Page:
I’ve been home three weeks now. Home is Calais, Maine, USA. I grew up in the small border town of Calais, located two minutes away from Canada, for most of my life. The people here know me and I’m still in touch with the friends and classmates I grew up with.
After an 11-hour flight from Israel, and a five-hour bus ride from Boston, my dad and mom picked me up at the bus station in Bangor, Maine. Another two hours on the road, and I’m finally get home with two very happy parents. I breathe in the fresh clean air, take in the shades of green, and shiver in the early autumn breeze.
Home. It’s just as I remember all those days I’ve spent living in the Israeli town of Sderot this past year. After a year of more than 1,000 Palestinian rockets raining down on this city located right on the border with Gaza, I can truly appreciate the peace and quiet that a town like Calais has to offer.

We have friendly Canadian neighbors on the other side of the river, which divides New Brunswick, Canada and Maine. The only locals who have experienced war are those who have served in Iraq and Afganistan, and the veterans of foreign wars. Americans here at home can worry about paying mortgages and taxes without having to worry about random rockets exploding on their homes and playgrounds.
Boy, it’s nice to be back.
During the five weeks back home, I’m working as a cashier in our local grocery store, the Calais IGA. The store manager hired me back when I was in high school and has watched me grow up along with all my customers. As I ring in groceries, local elderly ladies and their husbands tell me that they pray for my safety at nights. I catch up with classmates that I haven’t seen in years; those in the military, serving in Iraq, and others also visiting home, who have attended college and found work in southern Maine.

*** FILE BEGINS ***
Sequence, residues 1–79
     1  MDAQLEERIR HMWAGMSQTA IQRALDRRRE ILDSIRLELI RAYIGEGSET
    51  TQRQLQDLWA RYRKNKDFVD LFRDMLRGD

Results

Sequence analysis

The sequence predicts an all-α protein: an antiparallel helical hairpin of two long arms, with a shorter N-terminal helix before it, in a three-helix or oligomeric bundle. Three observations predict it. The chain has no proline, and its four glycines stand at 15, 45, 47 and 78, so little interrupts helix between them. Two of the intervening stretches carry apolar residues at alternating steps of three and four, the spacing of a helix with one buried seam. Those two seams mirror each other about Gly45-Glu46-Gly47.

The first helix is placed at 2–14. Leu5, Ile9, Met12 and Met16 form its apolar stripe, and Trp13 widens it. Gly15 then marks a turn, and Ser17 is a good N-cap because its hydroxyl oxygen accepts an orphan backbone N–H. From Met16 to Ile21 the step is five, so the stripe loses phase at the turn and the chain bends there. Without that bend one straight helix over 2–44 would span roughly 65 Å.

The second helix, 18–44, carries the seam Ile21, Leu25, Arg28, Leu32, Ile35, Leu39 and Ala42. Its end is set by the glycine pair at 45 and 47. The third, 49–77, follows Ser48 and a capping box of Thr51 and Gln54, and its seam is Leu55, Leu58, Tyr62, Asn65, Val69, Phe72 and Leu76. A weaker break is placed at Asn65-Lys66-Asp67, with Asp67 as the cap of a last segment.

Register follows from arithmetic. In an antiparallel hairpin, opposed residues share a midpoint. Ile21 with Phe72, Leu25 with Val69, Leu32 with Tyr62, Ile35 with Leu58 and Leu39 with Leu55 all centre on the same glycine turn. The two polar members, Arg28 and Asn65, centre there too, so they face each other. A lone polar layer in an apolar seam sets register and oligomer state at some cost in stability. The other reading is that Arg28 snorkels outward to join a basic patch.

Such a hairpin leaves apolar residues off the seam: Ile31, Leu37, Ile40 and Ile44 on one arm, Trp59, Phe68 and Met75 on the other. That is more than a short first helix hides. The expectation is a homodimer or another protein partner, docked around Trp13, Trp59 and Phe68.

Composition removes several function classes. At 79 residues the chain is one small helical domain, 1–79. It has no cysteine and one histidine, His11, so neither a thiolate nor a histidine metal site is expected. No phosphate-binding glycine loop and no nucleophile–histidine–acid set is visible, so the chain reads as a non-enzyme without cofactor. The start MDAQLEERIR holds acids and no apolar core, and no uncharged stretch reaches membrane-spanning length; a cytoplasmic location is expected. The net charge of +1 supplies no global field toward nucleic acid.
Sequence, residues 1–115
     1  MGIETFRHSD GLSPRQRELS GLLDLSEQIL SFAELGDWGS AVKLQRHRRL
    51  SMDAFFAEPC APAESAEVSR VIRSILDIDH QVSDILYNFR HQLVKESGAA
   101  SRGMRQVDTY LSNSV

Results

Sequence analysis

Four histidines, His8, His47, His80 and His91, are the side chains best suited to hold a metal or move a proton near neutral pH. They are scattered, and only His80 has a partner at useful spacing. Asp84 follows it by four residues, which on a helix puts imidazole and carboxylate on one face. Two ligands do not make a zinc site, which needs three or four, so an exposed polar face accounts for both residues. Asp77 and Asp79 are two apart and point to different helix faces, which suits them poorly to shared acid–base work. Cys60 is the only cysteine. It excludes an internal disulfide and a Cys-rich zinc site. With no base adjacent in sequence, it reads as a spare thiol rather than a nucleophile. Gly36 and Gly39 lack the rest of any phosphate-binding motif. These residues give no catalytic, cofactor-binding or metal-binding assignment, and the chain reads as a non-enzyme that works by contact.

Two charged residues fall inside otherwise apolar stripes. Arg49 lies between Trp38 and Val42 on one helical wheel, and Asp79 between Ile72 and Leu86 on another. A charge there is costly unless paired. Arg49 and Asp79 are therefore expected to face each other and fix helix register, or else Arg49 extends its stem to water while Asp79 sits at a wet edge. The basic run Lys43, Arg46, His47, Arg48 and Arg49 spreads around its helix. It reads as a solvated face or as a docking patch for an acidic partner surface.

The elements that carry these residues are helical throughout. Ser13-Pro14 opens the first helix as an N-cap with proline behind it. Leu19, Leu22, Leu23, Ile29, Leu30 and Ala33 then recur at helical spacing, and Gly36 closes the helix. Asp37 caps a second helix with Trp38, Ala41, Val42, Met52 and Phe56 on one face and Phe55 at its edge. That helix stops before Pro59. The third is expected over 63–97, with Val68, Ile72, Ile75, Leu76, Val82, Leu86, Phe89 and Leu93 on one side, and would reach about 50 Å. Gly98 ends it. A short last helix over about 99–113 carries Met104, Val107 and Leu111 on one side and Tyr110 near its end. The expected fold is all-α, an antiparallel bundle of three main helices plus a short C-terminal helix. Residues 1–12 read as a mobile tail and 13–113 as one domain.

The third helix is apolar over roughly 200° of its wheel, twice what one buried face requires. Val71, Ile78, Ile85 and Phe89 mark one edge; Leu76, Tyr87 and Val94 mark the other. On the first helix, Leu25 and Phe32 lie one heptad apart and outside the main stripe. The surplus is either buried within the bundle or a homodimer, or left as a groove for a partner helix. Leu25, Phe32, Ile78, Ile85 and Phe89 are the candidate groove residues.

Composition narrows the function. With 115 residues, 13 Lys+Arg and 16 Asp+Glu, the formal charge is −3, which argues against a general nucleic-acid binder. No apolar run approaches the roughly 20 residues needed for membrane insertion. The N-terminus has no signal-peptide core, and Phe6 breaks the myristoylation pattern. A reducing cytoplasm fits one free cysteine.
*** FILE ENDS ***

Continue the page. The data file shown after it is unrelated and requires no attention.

I stock Kit-Kats and Reeses. I’ve gone from dodging rockets to stocking candy in the shelves of IGA.
I share some of my experiences with the store manager, Ed, who asks me about life in Sderot. There is one incident that keeps flashing back to me even as I work as a cashier here in Calais.
I tell Ed about a day where over ten Qassam rockets were fired at Sderot and how on such a day, even a simple shopping routine becomes intensely stressful. Shopping in the Sderot grocery store that morning, the alarm, Tzeva Adom, had sounded, warning residents of an impending rocket explosion. All the customers, cashiers, and managers raced to the back of the store where the bomb shelter was located. We had left carts of food and registers unattended. As we crammed into that shelter, counting down the seconds to safety, we heard the sound of the rocket exploding somewhere in the city.
Ed listened with shock. It’s hard to conceive that kind of life in a quiet town like Calais. But even in Maine, nicknamed Vacationland for its scenic routes and nature, it is hard to forget the traumatic experiences of life in the rocket-battered town of Sderot.



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